Font Can Be Insulting

by Nick Dinicola

25 March 2016

You Must Build a Boat tries so hard to be nice to players that it comes off as pandering. It is obsessed with coddling my delicate ego.
 
cover art

You Must Build a Boat

US: 24 Jun 2015

You Must Build a Boat is a mobile game that crosses an endless runner with a match-three game. You command a ship captain who automatically runs through a dungeon, encountering treasure and monsters and traps along the way. On the game board, you must move tiles around a grid to match three symbols in a row in order for him to interact with those treasures and monsters and traps. Treasure can’t be taken unless three keys are matched, monsters can’t be slain unless three swords are matched, and so on. Throughout all this matching, the screen is constantly scrolling, so the longer that you take to make the matches, the closer the captain gets to the edge of the screen. If he gets pushed off, then your run through the dungeon is over.

  
The game isn’t over, You Must Build a Boat is very adamant about that fact, just your run. The dungeons are endless, so every run has to end with you getting pushed off the screen. It’s forced failure, except the game doesn’t want you to think of it that way. When a run ends the words “You Win!” appear in big white text, putting the focus on the things that you gained, whether that be gold or treasure or strength points or mind points.

This is a good use of text and font to influence players positively.

But then there are the quests. You Must Build a Boat is structured around quests, specific goals that we’re asked to accomplish during a run: kill a certain monster, find a certain treasure, gain certain points, match certain tiles, etc. Once we complete all of the quests in a given dungeon, then we move on to the next dungeon. As a result, they become an indicator of progress through the game. At the end of every run, your current quests are displayed along with the “You Win!” message. If you completed a quest, it’s displayed in green. If you didn’t, it’s displayed in red. That red text is the insulting part. 

Red is associated with negativity and failure, so that text signifies something completely at odds with the “You Win!” text. When a run ends, first the game exclaims my victory with (relative) bombast, but then directly under that exclamation is a quest highlighted in red, indicating my failure. I clearly didn’t win.

The game feels so aggressively unaware of its hypocrisy that it comes off as pandering. It is so obsessed with coddling my delicate ego that it can’t state the obvious fact of failure, even as its UI reinforces that very failure. I understand that the game wants to foster a sense of progress, of happy play and not frustrating play, but a simple thing like font undercuts that whole ethos of the message.

The exclamation of winning is problematic on its own, as the very mention of winning naturally implies failure as well. One alternative is to do what Crossy Road does and never acknowledge success or failure. When you die in that game, whether you jump in a river or get hit by a car, the camera lingers on your drowned or squished body until you tap the screen, which immediately queues up the next run. The lingering camera forces us to reflect on whatever mistake killed us, but the game doesn’t offer any kind of judgment on our death. It avoids any language about winning or losing, instead highlighting different hooks to keep you playing: how long until your next free gift and your progress on a quest (note that it only shows progress, and never acknowledges if I fail to progress). The game never judges you for your performance unless you hit a new record, then it simply celebrates that fact.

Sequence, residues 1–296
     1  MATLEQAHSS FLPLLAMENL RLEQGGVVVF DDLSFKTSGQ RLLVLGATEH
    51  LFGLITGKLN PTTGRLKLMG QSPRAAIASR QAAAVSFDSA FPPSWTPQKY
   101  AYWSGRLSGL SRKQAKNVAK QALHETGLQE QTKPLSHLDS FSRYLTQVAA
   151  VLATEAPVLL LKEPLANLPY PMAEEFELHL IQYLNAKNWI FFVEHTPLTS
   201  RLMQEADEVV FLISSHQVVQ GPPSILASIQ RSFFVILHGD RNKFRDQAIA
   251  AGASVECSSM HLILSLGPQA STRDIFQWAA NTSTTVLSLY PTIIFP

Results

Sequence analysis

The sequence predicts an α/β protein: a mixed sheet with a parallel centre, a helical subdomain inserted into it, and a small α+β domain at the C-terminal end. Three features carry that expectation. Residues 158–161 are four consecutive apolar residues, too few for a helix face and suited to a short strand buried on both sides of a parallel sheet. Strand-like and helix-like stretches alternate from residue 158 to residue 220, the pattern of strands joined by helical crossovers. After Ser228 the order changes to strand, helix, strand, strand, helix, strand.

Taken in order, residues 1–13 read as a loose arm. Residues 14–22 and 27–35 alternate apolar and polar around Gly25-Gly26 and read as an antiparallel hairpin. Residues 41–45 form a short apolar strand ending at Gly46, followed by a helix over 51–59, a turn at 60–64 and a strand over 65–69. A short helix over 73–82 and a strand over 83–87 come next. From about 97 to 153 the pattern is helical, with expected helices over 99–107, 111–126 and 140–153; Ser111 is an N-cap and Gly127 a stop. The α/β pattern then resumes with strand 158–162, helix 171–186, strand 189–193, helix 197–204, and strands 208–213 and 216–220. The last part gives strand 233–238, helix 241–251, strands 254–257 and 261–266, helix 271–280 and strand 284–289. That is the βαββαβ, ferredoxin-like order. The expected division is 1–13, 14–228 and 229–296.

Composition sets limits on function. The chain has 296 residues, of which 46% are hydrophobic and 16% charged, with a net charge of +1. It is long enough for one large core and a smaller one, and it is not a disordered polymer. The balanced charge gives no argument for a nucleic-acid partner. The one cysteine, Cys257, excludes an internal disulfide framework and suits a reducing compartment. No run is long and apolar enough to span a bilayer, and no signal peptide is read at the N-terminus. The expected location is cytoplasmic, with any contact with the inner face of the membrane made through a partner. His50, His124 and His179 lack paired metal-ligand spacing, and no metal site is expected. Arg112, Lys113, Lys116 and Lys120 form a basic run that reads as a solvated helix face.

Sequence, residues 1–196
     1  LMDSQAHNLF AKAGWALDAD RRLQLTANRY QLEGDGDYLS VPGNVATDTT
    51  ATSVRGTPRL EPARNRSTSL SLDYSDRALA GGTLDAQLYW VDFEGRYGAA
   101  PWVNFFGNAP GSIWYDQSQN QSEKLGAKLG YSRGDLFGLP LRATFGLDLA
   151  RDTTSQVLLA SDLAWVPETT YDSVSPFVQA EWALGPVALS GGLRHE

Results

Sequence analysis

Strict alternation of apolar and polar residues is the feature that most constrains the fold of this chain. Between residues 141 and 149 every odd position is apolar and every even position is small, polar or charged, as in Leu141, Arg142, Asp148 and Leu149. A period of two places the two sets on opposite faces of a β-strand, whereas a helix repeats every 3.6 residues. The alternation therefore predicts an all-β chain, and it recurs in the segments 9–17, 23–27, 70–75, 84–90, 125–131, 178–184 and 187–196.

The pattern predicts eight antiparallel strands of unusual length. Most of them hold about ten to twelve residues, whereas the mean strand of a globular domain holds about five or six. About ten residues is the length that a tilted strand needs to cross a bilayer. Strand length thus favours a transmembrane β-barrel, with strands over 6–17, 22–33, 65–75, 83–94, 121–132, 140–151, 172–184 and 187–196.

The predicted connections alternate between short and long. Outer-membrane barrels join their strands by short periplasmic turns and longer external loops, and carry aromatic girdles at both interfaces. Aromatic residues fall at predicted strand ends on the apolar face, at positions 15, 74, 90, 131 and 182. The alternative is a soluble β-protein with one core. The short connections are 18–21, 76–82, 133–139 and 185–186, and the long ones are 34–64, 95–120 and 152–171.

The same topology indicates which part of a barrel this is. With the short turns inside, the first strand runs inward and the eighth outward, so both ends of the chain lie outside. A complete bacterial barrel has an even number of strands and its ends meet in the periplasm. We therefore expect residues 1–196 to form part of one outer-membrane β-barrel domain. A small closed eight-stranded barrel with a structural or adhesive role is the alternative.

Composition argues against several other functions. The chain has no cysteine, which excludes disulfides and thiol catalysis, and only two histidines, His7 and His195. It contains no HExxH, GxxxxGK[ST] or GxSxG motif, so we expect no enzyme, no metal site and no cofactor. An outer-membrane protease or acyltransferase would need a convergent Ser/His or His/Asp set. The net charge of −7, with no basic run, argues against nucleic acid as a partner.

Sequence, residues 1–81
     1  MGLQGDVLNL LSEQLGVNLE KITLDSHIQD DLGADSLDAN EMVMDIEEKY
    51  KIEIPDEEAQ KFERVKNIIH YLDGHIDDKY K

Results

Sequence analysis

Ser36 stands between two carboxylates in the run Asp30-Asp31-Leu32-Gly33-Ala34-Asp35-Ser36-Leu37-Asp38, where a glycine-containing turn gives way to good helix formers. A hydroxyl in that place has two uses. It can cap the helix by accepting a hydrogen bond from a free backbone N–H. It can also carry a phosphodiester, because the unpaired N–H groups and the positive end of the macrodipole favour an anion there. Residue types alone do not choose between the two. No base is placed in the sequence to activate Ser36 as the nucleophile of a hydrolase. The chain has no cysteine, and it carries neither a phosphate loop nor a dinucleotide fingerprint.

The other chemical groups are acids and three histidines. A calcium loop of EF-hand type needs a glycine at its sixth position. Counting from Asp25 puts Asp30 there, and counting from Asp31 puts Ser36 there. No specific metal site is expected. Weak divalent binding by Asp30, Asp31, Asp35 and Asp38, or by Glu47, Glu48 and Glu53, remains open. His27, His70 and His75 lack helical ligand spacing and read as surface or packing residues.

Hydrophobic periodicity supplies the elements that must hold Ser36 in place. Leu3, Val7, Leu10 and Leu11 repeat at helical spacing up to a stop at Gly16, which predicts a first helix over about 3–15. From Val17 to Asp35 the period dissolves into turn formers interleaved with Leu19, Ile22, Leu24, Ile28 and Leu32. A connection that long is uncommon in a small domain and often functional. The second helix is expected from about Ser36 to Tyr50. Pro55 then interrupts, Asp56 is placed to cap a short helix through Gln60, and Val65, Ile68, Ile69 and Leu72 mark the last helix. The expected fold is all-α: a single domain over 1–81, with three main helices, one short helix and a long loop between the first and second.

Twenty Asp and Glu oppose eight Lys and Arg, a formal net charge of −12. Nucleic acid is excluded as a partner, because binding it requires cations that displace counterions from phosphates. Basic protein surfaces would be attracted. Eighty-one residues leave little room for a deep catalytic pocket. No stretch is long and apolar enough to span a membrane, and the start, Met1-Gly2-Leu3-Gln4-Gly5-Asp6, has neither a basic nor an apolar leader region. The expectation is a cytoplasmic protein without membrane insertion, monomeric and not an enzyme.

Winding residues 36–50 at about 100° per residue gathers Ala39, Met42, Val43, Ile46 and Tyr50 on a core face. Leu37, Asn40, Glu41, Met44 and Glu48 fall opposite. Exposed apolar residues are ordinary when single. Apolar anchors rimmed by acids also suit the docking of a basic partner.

Alto’s Adventure is an endless snowboarding game that always lists your objectives before each run. When you complete an objective it gets crossed out. If you don’t complete it, nothing happens. Again there’s no judgment made on success or failure.

Even the developer’s previous game, 10000000 does it better because it just says “Run Complete” and your score.

Or then there’s a game like Quest Keeper, a very different game in that each stage has a definitive end, so dying along the way is a clear failure. However, when you die (and don’t revive), it embraces your failure as the titular Quest Keeper makes a grand exclamation of how you’ve died, “You’ve fallen to you doom!” At the same time, at the top of screen, the game shows how close you are to unlocking a mystery chest. Every 200 steps earns, you a treasure, and after each run, a meter fills to clearly show how much progress you have made and how many steps are left. The meter emphasizes what we earned, and the Quest Keeper’s mockery is so extreme that it’s funny instead of insulting. This keeps the game fun in the face of failure.

You Must Build a Boat doesn’t show us how much money that we earn on a run, it just says “You Win!” with nothing to back up that statement. It tries so hard to be nice to players that it comes off as pandering and insulting. It makes me want to stop playing.

Two words can say so much.

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